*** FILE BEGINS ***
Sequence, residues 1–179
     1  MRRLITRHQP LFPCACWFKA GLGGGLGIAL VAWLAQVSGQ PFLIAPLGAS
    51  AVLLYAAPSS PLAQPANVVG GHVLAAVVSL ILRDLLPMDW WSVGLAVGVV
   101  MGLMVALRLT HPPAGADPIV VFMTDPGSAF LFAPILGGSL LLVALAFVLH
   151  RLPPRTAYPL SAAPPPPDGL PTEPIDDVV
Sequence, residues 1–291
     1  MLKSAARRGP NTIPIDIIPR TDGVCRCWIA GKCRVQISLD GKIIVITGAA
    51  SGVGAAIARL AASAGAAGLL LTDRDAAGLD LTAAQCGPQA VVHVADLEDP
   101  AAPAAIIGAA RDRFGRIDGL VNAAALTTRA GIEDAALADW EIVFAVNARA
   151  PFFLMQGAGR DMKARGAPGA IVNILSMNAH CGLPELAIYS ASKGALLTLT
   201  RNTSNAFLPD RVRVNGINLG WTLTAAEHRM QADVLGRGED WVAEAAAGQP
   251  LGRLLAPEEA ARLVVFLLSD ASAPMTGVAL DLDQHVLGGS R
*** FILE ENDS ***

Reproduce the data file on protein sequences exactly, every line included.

Sequence, residues 1–179
     1  MRRLITRHQP LFPCACWFKA GLGGGLGIAL VAWLAQVSGQ PFLIAPLGAS
    51  AVLLYAAPSS PLAQPANVVG GHVLAAVVSL ILRDLLPMDW WSVGLAVGVV
   101  MGLMVALRLT HPPAGADPIV VFMTDPGSAF LFAPILGGSL LLVALAFVLH
   151  RLPPRTAYPL SAAPPPPDGL PTEPIDDVV
Sequence, residues 1–291
     1  MLKSAARRGP NTIPIDIIPR TDGVCRCWIA GKCRVQISLD GKIIVITGAA
    51  SGVGAAIARL AASAGAAGLL LTDRDAAGLD LTAAQCGPQA VVHVADLEDP
   101  AAPAAIIGAA RDRFGRIDGL VNAAALTTRA GIEDAALADW EIVFAVNARA
   151  PFFLMQGAGR DMKARGAPGA IVNILSMNAH CGLPELAIYS ASKGALLTLT
   201  RNTSNAFLPD RVRVNGINLG WTLTAAEHRM QADVLGRGED WVAEAAAGQP
   251  LGRLLAPEEA ARLVVFLLSD ASAPMTGVAL DLDQHVLGGS R